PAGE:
On 5 November 2021, the Ministry of Law and Justice released a draft of the Mediation Bill, 2021 ("the Bill") for public comments and consultation. Following close on the heels of India signing the United Nations Convention on International Settlement Agreements Resulting from Mediation (Singapore Convention), the Bill looks to cement the position of mediation as a sought-after mode of alternative dispute resolution in India.
Its many objectives include the promotion, encouragement and facilitation of mediation, especially institutional mediation, enforcement of domestic and international mediation settlement agreements and notably, making online mediation as an acceptable and cost-effective process.
Scope of mediation
The Bill is divided into four parts with Part I dealing with domestic mediations and Part III dealing with mediations under the Singapore Convention.
As per Section 2 of the Bill, a domestic mediation has been defined as one conducted in India, where -
- All or both parties habitually reside in or are incorporated in or have their business in India;
- The mediation agreement provides that the Mediation Act, 2021 would apply to the mediation; or
- The mediation is an international mediation.
International mediation has been defined as a mediation that relates to commercial disputes arising out of legal relationships contractual or otherwise under the law in force in India and where at least one of the parties, at the time of conclusion of that agreement, is-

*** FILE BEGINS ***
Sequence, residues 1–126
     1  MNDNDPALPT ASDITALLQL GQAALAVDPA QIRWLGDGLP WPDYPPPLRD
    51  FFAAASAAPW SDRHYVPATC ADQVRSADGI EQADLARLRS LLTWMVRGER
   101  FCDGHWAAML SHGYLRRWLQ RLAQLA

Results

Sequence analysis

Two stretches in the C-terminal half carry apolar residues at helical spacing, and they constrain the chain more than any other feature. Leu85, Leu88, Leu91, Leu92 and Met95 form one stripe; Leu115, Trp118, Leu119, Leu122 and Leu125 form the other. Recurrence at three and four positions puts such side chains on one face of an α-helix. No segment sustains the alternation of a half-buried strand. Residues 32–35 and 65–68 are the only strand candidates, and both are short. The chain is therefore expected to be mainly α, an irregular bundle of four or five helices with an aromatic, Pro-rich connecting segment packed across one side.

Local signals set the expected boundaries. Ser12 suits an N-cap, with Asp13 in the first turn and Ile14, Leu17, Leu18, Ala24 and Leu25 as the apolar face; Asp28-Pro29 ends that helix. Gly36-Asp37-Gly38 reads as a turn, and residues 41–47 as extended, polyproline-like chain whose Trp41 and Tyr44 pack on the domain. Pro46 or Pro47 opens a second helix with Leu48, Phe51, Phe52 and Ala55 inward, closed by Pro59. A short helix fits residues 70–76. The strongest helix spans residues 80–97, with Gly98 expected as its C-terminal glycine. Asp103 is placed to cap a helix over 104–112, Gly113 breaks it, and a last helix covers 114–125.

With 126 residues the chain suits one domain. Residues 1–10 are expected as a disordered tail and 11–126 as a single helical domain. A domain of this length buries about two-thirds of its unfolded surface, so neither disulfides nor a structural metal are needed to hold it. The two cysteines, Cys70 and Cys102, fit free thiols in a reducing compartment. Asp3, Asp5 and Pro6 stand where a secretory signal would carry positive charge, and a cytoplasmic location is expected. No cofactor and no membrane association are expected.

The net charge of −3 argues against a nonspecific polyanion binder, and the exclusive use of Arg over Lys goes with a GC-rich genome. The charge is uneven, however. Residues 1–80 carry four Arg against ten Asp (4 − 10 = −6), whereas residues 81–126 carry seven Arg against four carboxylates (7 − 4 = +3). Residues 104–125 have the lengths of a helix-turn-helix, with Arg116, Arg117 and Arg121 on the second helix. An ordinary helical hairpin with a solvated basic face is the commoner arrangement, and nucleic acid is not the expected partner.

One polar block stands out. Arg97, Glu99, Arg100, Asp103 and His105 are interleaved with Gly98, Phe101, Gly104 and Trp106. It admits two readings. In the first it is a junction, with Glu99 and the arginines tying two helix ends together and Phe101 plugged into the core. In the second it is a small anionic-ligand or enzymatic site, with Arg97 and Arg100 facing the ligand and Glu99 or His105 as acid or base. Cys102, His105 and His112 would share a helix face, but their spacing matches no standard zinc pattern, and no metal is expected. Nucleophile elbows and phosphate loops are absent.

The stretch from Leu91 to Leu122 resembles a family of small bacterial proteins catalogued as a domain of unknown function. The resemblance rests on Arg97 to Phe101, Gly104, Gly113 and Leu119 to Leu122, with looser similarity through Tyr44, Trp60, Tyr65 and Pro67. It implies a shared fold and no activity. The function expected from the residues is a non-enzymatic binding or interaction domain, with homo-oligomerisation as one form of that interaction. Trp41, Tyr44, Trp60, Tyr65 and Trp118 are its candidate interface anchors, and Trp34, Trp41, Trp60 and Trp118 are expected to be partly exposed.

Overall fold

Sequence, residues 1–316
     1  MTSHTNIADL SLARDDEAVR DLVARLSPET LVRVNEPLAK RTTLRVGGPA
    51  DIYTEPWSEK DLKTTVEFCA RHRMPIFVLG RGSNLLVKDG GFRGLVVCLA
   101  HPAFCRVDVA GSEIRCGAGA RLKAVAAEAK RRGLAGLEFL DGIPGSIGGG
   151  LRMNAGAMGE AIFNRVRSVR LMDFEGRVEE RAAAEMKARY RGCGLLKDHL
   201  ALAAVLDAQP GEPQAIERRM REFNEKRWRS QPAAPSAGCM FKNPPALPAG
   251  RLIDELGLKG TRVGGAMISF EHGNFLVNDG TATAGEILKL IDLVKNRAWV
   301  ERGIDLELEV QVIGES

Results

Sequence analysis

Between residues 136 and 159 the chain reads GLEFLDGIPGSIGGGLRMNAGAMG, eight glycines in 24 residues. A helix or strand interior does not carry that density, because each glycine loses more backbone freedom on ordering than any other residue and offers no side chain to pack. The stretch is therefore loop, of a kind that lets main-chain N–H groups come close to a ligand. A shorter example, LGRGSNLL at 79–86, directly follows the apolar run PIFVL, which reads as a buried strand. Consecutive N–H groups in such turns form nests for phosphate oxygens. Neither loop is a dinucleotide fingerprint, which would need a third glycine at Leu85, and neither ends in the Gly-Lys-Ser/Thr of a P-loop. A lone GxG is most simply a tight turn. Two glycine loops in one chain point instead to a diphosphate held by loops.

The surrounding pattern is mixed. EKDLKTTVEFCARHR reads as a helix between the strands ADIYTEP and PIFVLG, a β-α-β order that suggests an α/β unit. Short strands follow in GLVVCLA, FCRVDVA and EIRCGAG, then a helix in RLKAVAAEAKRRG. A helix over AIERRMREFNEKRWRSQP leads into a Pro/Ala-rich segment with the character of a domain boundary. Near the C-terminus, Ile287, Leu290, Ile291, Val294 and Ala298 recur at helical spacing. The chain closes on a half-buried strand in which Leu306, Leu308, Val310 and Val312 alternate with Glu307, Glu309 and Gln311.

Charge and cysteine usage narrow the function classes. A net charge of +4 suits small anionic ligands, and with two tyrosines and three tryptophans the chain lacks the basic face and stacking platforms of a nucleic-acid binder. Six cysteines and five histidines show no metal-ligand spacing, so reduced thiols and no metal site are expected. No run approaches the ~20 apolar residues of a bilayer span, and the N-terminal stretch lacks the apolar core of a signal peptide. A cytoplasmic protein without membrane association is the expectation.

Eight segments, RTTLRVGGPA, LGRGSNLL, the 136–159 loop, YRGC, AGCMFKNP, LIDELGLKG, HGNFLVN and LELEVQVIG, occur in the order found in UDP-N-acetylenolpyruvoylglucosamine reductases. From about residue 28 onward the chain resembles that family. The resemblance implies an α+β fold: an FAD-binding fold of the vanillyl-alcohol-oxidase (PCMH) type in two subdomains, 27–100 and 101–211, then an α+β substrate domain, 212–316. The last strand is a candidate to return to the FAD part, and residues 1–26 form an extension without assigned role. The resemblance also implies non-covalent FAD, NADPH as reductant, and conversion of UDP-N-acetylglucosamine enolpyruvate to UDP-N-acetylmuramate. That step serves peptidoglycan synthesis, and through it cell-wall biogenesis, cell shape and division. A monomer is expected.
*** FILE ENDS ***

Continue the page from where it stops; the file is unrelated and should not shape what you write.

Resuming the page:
- An individual who is a national of, or habitually resides in, any country other than India;
- A body corporate including limited liability partnership of any nature, with its place of business outside India;
- An association or body of individuals whose place of business is outside India; or
- The government of a foreign country.
A salient feature of the Bill is the adoption of the international practice of using the terms 'mediation' and 'conciliation' interchangeably, as evident from the meaning of mediation set out under Section 4.
Section 6 of the Bill mandates parties to take steps to settle disputes by pre-litigation mediation before filing a suit or proceeding in courts or tribunals. This is irrespective of the existence of any prior mediation agreement. However, at the same time, parties may approach courts or tribunals to seek urgent interim reliefs both before the commencement of or during such mediation proceedings.
Time Limit for completion of mediation
Section 20 of the Bill stipulates a period of ninety days for completion of mediation, with a further extension for an additional period of ninety days with the consent of parties.
Mediated settlement agreement
Section 21 of the Bill defines a 'mediated settlement agreement' to mean and include an agreement or interim agreement in writing between some or all parties resulting from mediation which settles some or all of the disputes between such parties and which is authenticated by the mediator. As per Section 28, such agreements shall be final and binding on the parties and persons claiming under them and shall be enforceable in the same manner as judgements or decrees passed by a court.
Since such agreements are arrived at by mutual consultation, the Bill provides for limited grounds of challenge. Section 29(2) lays down four grounds of fraud, corruption, gross impropriety, and impersonation.
Recognition of institutional mediation
The Bill defines a 'mediation service provider' as a body or organisation that provides for the conduct of mediation and has in place procedures and rules to govern the conduct of the mediation in conformity with the provisions of the statute. Lok Adalats constituted under the National Legal Services Authorities Act, 1987 and mediation centres annexed to courts have also been included under this head.
The abovementioned service providers shall be graded by the Mediation Council of India and shall be required to, among other things, maintain a panel of mediators, provide infrastructure and facilities for the conduct of mediations and register and file settlement agreements.